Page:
Navajo Knobs was the first trail I did in Capitol Reef National Park, and it remains one of my favorites. Most of the trail is spent winding around the rim of the Waterpocket Fold. …and that is just about as underwhelming as you can put it. It features a lengthy trek along the rim of the Waterpocket Fold with incredible overlooks, finishing off at eroded Navajo Sandstone "knobs" high above the surrounding area. From up there, views of the Waterpocket Fold extend deep to the south overlooking rugged canyons while eroded sandstone breaks up the landscape to the north. Boulder Mountain dominates the west, while the Henry Mountains balance out the east. If you’re looking for optimal lighting conditions for photography, begin this trail in the early afternoon. The late afternoon light on your way down will be phenomenal over the landscape below.
Navajo Knobs Trail Description
The Navajo Knobs Trail actually begins along the same trail as the Hickman Bridge Trail. You’ll continue along the same path for 0.2 miles before branching off to the right, which is signed at a fork. You then follow a wash up a short distance before crossing it, and continuing a gradual ascent. Not much farther is an overlook for Hickman Bridge where you get a nice vantage point above and to the north.
The trail then brings you around a side canyon, and up to a large, exposed ridge along the fold. This will become a very familiar pattern by the time the hike is over. The distances from the side canyons to the exposed ridge starts out relatively small, but gradually becomes larger and larger until you’re covering a considerable distance between the viewpoint and getting tucked away deep in a side canyon. You’ll also notice that the larger distances also bring you down in elevation on your way up to the knobs. This means it’s not all downhill heading back.
Note: There is extensive microbiotic soil off of the trail and slickrock. Please do not trample the living soil, even if someone else already has. It literally takes decades for it to even start to resemble what you see there.
As you continue to wind along the rim, taking in one increasingly grand view after another, you reach the Rim Overlook at about 2 miles in. This is where many people stop, check out the view from there and turn around. It’s certainly a breathtaking overlook and well worth checking out, but the best is yet to come.
More and more the trail makes great use of large expanses of slickrock, allowing you to freely roam and explore as long as you’re able to stay within sight of the cairns. But honestly, even if you lose sight of them, you know you’re supposed to be on the rim, so there’s not really that much danger of getting lost. Also, please do not knock down or create new cairns anywhere along the trail. The rangers put them up in deliberate places for a reason. If you modify them at all, the rocks that make up the cairns will form a collective sentience and attack you until you apologize and undo whatever you did.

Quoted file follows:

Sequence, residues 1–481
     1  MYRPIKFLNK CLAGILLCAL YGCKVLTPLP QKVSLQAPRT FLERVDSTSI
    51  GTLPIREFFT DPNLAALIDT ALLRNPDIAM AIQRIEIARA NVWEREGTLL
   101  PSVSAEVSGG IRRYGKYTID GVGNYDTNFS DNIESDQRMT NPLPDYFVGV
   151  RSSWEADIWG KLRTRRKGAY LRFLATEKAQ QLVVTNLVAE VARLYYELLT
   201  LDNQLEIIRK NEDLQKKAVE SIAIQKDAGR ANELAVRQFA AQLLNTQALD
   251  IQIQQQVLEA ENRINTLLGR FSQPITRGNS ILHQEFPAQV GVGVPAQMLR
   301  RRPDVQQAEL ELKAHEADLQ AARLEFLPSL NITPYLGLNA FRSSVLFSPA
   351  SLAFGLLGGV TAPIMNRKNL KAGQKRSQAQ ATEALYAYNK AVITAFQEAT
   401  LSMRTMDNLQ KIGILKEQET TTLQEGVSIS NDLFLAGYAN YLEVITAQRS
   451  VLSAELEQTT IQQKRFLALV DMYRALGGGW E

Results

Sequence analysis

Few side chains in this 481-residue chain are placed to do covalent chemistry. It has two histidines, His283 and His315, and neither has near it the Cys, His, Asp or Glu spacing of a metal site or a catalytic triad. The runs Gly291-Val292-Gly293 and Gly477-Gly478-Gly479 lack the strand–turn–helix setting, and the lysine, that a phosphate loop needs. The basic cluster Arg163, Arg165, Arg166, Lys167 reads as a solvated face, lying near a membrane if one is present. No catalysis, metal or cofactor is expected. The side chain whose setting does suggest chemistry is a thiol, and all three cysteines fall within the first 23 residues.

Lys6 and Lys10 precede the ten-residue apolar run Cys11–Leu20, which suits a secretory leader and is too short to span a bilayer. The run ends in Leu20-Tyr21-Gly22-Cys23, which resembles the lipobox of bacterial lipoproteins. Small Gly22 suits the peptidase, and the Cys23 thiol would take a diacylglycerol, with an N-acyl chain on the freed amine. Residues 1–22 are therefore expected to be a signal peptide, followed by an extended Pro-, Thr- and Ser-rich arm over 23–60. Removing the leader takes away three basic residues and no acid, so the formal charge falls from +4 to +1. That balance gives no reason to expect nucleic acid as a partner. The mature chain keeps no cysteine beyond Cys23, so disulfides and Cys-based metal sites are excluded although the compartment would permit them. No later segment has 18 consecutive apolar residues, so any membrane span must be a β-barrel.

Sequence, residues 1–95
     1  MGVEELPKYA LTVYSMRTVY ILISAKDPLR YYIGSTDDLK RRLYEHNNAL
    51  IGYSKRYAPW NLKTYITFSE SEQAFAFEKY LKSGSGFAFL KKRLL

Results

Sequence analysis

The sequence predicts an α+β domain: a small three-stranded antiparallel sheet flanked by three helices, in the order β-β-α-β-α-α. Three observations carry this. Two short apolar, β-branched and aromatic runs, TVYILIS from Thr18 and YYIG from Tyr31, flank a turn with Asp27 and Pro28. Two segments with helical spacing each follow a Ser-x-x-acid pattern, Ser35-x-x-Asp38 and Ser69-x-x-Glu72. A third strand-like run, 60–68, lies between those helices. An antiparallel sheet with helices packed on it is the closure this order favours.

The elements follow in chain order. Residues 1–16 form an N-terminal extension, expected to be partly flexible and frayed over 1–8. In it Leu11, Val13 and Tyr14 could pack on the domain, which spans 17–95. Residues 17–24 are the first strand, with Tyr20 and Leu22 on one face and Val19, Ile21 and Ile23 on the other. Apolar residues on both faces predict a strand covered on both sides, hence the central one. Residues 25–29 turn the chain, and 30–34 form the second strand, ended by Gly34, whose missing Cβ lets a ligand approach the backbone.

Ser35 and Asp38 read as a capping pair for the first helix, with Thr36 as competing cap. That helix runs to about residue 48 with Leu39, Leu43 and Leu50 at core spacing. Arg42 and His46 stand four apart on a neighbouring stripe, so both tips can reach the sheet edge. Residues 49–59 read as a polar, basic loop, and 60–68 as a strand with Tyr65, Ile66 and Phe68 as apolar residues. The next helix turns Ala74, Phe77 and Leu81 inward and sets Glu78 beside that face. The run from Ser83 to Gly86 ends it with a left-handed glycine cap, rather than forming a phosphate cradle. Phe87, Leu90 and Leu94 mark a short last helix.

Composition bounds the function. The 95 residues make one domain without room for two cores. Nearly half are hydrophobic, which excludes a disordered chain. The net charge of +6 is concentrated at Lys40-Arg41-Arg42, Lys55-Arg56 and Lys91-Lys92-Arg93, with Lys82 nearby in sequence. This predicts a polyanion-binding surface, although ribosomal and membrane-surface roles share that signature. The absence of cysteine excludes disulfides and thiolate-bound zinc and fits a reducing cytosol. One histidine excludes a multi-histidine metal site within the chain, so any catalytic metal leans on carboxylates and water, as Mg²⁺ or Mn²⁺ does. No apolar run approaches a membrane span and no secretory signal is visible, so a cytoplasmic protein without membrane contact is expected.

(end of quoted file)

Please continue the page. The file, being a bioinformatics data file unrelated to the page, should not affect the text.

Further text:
At about 3.5 miles in, a dramatic view overlooking The Castle emerges (top photo). It’s a striking vista splashed with bright, earthy pastels that reveals in great detail the transition from the Moenkopi Formation, to the colorful Chinle, and finally to the Wingate which forms the top of The Castle. Wind around that, and the trail begins to near its terminus.
As you make your final ascent, you begin to wind around the base of the knobs. You might notice a trail forking off to the left just below the knobs. There’s really no reason to go left. It erodes an unnecessary part of the landscape and pales in comparison to the view above you. Heading right along the proper trail, you wind around the lower part of the knobs, climbing steadily higher. The trail then takes you through towering cracks that seem to close in around you in the Navajo Sandstone before making one last climb up to the top. If you’re wearing a hat, hold on to it because it can get windy up there.
Full 360 degree panoramic views are now all around you as you take in the views from such a small perch. To the west in front of you is Mummy Cliff, the main segment of the Chimney Rock Loop with Highway 24 winding by. To the right (north) you might be able to make out Spring Canyon. Plainly visible below and to the south is the Visitor Center, the Waterpocket Fold dwarfing it as it extends as far south as the eye can see. East is a great view of the Henry Mountains. You can now appreciate one of the best views in the park.
From the Capitol Reef National Park Visitor Center, head east on Highway 24 for nearly 2 miles until you see the trailhead for Hickman Bridge on your left. Park in that parking area and look for the trailhead on the east end of the parking lot traveling along the Fremont River.